lewisboats Obsessed Member

    PAR...Question:

    I recently came into possession of a 200+ ft roll of 7x19 316L stainless 3/16" wire rope...Off the top of your head, what general size boat Length or displacement or both would use this sized wire as standing rigging? Or perhaps more appropriately...mast height and SF. I am sure it is larger than anything I would contemplate but just to give me an Idea.
     
  8. Greybarn
    Joined: Apr 2006
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    Greybarn Junior Member

    On the 29 foot sailboat we build (about 4,400 lbs lightship with 1,958 pounds of ballast) we use 1/4" 1x19 SS wire for the side shrouds and headstay. This is on a 1 spreader, fractionally rigged mast. We could maybe use 3/16" for lower but it is borderline on being too stretchy. Something like a Dragon, Etchells or Atlantic use 3/16" wire.
     
  9. dskira

    dskira Previous Member

    4000 lbs
     
  10. PAR
    Joined: Nov 2003
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    PAR Yacht Designer/Builder

    Close enough Daniel.

    Steve, you will not see this on more then a boat in the Catalina 22 class (a fat ton). Even though it's breaking strength is around 4,000 lbs. you could exceed this pretty easily on a 3,000 lb. boat in a pitching sea. Of course it would be nice if this was the weak leak, but it's usually not and typically a much smaller part, like a screw head, tang hole or clevis.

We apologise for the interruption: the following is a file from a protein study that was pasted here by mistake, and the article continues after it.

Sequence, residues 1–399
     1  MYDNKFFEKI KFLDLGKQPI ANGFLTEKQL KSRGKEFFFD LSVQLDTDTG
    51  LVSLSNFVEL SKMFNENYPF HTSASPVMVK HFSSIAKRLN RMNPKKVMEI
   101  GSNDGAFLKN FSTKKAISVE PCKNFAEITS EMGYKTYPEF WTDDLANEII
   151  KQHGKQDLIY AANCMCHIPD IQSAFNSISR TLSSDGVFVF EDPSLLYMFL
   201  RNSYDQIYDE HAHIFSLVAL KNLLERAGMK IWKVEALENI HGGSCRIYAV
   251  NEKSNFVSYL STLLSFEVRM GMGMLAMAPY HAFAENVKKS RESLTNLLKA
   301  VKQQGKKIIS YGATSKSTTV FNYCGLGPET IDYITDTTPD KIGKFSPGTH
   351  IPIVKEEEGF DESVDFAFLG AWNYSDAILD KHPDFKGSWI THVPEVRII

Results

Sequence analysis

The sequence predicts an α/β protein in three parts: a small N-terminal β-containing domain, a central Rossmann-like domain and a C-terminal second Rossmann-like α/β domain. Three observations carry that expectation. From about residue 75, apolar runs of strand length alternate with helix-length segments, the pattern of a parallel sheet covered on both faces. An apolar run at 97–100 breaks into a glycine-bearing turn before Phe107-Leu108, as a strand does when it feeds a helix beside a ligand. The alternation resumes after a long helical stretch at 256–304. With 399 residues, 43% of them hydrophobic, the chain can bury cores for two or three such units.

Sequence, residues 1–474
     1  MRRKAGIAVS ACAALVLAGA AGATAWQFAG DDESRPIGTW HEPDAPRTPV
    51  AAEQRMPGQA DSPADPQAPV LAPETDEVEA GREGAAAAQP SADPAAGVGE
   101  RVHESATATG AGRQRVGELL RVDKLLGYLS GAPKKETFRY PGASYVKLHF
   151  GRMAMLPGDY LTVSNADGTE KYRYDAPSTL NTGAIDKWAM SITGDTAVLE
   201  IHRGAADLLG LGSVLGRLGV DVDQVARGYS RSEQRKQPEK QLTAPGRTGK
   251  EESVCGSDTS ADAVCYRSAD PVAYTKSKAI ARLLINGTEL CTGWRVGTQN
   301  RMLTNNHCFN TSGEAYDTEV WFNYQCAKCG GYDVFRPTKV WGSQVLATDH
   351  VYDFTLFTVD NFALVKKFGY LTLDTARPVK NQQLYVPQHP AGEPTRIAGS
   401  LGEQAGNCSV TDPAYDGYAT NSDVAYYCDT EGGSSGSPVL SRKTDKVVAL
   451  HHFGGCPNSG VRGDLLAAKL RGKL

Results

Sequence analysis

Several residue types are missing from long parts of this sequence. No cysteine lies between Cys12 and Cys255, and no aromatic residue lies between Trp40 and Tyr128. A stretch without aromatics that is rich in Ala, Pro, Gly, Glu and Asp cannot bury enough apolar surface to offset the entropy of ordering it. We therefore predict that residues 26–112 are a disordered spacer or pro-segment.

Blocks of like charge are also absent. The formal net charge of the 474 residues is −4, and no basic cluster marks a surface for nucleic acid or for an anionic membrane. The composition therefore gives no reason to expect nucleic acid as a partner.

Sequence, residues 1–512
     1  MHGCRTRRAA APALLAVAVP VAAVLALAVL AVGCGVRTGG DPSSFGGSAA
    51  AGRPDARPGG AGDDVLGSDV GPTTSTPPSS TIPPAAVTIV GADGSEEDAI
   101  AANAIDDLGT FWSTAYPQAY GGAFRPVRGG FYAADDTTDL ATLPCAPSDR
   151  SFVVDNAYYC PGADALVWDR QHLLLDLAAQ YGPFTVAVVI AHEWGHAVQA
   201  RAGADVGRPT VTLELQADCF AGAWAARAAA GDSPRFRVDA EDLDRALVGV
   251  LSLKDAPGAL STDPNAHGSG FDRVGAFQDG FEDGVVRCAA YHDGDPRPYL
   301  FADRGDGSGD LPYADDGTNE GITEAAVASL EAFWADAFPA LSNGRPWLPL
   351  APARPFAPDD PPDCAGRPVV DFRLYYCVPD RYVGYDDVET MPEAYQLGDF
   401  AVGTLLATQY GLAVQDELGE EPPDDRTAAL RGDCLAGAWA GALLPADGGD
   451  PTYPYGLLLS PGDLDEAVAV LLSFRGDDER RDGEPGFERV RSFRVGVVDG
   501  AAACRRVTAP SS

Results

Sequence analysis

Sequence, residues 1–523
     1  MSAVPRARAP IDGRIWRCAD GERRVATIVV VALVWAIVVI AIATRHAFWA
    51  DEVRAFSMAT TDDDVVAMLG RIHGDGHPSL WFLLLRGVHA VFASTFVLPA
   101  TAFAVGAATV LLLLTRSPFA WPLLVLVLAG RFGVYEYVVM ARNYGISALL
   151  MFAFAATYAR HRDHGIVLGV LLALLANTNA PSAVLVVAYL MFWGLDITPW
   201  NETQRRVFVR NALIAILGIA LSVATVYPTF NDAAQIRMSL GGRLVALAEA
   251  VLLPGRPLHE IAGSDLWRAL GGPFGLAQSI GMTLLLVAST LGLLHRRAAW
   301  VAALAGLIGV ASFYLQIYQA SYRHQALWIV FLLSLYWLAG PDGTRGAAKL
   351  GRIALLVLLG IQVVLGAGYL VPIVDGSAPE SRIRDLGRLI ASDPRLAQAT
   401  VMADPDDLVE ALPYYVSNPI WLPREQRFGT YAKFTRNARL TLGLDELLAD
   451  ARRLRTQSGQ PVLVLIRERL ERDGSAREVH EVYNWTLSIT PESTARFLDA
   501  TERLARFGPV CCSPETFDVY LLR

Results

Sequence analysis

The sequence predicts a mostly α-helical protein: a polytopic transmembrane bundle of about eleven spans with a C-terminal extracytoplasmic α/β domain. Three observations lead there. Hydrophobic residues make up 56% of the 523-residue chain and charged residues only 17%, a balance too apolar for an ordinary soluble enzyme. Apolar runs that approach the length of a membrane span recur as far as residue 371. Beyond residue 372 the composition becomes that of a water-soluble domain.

Nice find, you wouldn't happen to need to mail it to central Florida for winter storage would you?
     
  11. lewisboats
    Joined: Oct 2002
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    lewisboats Obsessed Member

    Sure...the wire gets a tan and I freeze my gronicles off. Nope...it'll have to endure the cold j u s t like Me. Thanks for the info tho folks...I just might end up having a use for it...eventually.
     
  12. Fanie
    Joined: Oct 2007
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    Location: Colonial "Sick Africa"

    Fanie Fanie

    Lewisboats, time for a summer holiday.
    Yes, you can now take a nice healthy tan take back home.
    SA is just the place for you to visit.
    First class accomodation in true african style.

    Our well-trained staff is always available to ensure that your stay is as comfortable as possible.
    Your hosts has been in the business for years and their hospitality is without comparison.
    Personal attention to detail will ensure a memorable stay.

    Bring that figgin wire rope with.
    It's going to get stolen if you leave it there... :D
     
  13. lewisboats
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    lewisboats Obsessed Member

    Too bad I'd have to sell the rope...clunker cars...house...kids and precious boat building tools just to afford the trip. I would certainly love to visit someday tho.
    Suppose we should get back on topic or the original poster is going to get a little hot me thinks.
     
  14. Gashmore
    Joined: Feb 2008
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    Gashmore Junior Member

    s'OK. I'm sitting here in Georgia freezing and wondering if anyone in SA needs a boat delivered to the Caribbean. :D
     

  15. terhohalme
    Joined: Jun 2003
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    terhohalme BEng Boat Technology

    I would only trust a method based on maximum righting moment of the boat in fully loaded condition.